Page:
Reichian therapy is the name given to a type of therapy developed by Wilhem Reich, often also referred to as Orgone Therapy, Orgonomy Therapy, or Orgonomy. It is an alternative, holistic therapy, that has found increasing interest over the past few decades, and is one of the major alternative therapeutic modalities in the West.
Wilhelm Reich was born at the end of the 19th century in what was then the Austro-Hungarian Empire. His early life on a farm was filled with sexual openness and experimentation that would influence much of his later work. Reich fought in World War I, and then went to school in Vienna, studying Freud, and becoming a part of the Vienna Psychoanalytic Association by the time he was 23. At 25 he set up his own private practice, and by his mid-30s he had developed a great deal of theories which would later underpin Reichian therapy.
This style of therapy basically holds that our capacity to experience joy and fully-realized lives is constricted by walls and armor we put up to protect us from the world. It looks at the attitudes patients use to close themselves off, and helps the patient analyze them and eventually break them down, in order to live more expressive, open lives.
Reichian therapy begins with some sort of character assessment. The therapist looks at everything from how the patient interacts with them, to how they hold themselves and move in the world, to begin to understand the mode in which the patient is operating. The therapist endeavors to build a genuine, trusting, and friendly relationship with the patient, supporting them and actively engaging them at every opportunity.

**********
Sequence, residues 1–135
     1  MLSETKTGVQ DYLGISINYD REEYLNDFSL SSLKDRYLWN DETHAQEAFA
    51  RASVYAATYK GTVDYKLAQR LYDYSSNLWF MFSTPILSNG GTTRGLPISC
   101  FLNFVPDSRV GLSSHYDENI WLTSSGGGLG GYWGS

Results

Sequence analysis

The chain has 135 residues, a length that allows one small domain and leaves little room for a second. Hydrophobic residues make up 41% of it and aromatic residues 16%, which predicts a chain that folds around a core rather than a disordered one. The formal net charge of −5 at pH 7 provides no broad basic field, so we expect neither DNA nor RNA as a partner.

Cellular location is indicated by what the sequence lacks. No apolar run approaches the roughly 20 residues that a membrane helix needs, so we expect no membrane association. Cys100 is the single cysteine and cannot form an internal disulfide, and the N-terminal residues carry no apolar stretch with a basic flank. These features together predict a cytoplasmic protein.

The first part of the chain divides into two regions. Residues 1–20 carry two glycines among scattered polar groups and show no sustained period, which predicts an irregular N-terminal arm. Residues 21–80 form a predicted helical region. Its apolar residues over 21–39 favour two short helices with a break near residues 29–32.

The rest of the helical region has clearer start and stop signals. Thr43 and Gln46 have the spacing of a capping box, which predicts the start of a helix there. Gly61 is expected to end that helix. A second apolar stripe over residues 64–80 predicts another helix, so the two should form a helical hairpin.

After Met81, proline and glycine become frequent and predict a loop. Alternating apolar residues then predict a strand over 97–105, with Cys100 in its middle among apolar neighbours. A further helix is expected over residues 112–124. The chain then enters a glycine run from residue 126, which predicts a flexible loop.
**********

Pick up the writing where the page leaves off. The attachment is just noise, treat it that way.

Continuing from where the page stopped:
Therapy in the Reichian style is somewhat innovative in its integration of physical bodywork with psychological assessment. Deep tissue massage plays a large role in it, helping the patient to relax and open themselves more fully. Guided breathing exercises further help the patient of Reichian therapy relax and realize their expansive potential.
Reichian therapy also utilizes a number of traditional psychoanalytic approaches to find root causes of closure in patients. Dream analysis is used by a number of Reichian practitioners, as is a prolonged set of analysis sessions designed to uncover deeply hidden issues and walls.
Traditionally, Reichian therapy acted from the understanding that all neurosis grew out of sexual frustration and repressed sexuality. This was a very Freudian view, and one no doubt influenced largely Reich’s personal experiences. Many modern Reichian therapists, however, believe that while sexuality plays an important role in neuroses, other causes may also play a role. Usually this difference of opinion is acknowledged by referring to Orthodox and Neo-Reichian therapy. Orthodox practitioners continue to practice from the belief that sexuality is the root cause of neuroses. Neo-Reichian practitioners believe that other causes, such as abandonment or non-sexual physical abuse at an early age, may also cause neuroses later in life.
by Wise Geek